8.1 Staff and other adults who work with the children in the School need to fully understand and respect issues of confidentiality, particularly in the context of child protection. The only purpose of confidentiality in this respect is to protect the child.
8.2 Children must not be given a guarantee that disclosures will be kept confidential – this is misleading and dishonest, as any disclosure or suspicion of harm must be referred to the relevant people. Similarly parents should be made aware of the issues, which cannot be kept confidential, e.g. which have implications of harm to a child.
8.3 Child protection information will be kept in a locked filing cabinet and if information is held on a computer it will be password protected. (See data protection policy)
8.4 Where a child is the subject of a Child Protection Plan relevant facts will be recorded. These recording notes will be kept in a locked filing cabinet and the child’s parents will be informed. The Social Workers will complete an initial front sheet advising Staff of the reasons for the CP Plan and what kind of information should be recorded. This information will not be shared with any other parent. Information must only be shared with others on a ‘need to know basis’, however the overriding principle is the safety of children, ‘It is assumed that in all instances where there are concerns about a child’s safety it is better to share the information than not’ (WMDC working together to safeguard children). It is the responsibility of the School Social Worker to monitor the recording of concerns, review its purpose and amend/update information.
8.5 At time of transfer a child’s records will be made available to the receiving school.
8.6 If siblings are in school copies of records will be kept on file in school.
8.7 Students who are on placement at the School for very short periods or who are work experience students, will not be directly involved in the daily recording, however, they will be encouraged to share comments about any relevant observations they have made.
8.8 Any reports compiled in relation to a child or family will be shared only on a ‘need to know‘ basis (See 8.4)
8.9 Parent Governor representatives will be given information about the importance of confidentiality when they are appointed to the role. Parents in general are made aware of issues around confidentiality and child protection at new parents meetings.
8.10 Staff will be made aware that any breaches of confidentiality would be viewed
very seriously and dealt with through the departmental disciplinary procedures, (apart from cases where any breaches represent a legitimate attempt to safeguard a child).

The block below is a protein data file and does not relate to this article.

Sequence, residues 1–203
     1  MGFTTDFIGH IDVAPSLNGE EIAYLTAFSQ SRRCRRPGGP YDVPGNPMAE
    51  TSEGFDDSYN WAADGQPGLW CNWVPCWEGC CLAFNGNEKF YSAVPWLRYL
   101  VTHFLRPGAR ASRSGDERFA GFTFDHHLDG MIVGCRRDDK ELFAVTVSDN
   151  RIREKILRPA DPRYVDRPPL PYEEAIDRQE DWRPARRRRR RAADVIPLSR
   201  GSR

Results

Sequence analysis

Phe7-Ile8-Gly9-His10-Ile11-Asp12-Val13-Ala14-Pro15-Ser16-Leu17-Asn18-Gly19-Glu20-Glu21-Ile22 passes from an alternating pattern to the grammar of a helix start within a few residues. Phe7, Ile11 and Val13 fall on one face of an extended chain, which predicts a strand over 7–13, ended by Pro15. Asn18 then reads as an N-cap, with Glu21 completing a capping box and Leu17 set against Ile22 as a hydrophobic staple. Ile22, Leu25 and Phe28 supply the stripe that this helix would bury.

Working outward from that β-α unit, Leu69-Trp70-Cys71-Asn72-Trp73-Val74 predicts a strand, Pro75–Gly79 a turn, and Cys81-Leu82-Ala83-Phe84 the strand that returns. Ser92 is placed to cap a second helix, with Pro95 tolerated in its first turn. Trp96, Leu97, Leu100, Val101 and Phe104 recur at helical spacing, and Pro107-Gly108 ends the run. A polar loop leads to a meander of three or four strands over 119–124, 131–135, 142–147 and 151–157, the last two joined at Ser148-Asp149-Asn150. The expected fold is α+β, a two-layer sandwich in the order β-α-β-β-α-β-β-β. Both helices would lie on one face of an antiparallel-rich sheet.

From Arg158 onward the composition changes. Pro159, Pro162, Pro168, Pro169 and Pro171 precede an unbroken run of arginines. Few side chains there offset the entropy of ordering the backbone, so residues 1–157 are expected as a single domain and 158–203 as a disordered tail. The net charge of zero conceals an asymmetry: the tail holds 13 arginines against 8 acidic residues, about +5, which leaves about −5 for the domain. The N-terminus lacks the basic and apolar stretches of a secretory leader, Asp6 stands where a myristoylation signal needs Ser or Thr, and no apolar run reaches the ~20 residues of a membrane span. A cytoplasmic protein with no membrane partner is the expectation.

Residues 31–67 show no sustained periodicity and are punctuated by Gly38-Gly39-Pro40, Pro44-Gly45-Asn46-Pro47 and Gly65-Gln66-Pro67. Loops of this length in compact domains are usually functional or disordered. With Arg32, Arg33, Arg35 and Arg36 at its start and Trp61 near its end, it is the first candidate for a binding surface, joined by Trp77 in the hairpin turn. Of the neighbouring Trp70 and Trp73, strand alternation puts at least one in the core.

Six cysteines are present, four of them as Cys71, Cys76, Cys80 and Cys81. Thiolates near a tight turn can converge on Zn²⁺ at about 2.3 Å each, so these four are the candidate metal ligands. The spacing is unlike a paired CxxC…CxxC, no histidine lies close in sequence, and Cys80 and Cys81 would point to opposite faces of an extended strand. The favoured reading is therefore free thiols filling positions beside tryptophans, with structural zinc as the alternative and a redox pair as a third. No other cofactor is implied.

9.1 The School Staff recognise that children who have been abused or have witnessed violence may find it difficult to develop a sense of self worth or to view the world in a positive way. Whilst in school their behaviour may be challenging and difficult to handle or they may exhibit other behaviours, such as sexualised behaviour, which the adults around them may feel uncomfortable with and struggle to understand.
9.2 It is recognised that all children need to experience a sensitive and consistent approach; this is even more crucial in cases where children are having difficulties and struggling to understand traumatic events.
9.3 The School Staff will support these children through:
- A curriculum which encourages self-esteem and confidence
- Promoting a positive, supportive and secure environment, which demonstrates a respect and value for children and their rights. School has put in place for children a means of developing emotional literacy and respects pupil voice.
- A consistent approach, which recognises and separates the cause of behaviour from that which the child displays.
- A commitment to develop productive, supportive relationships with parents, whenever it is in the child’s interests to do so.
9.4 It is recognised that, statistically, children with behavioural difficulties and disabilities are most vulnerable to abuse. Staff who work in any capacity, with children with profound and multiple disabilities, sensory impairment and / or emotional and behaviour problems will need to be particularly sensitive to signs of abuse.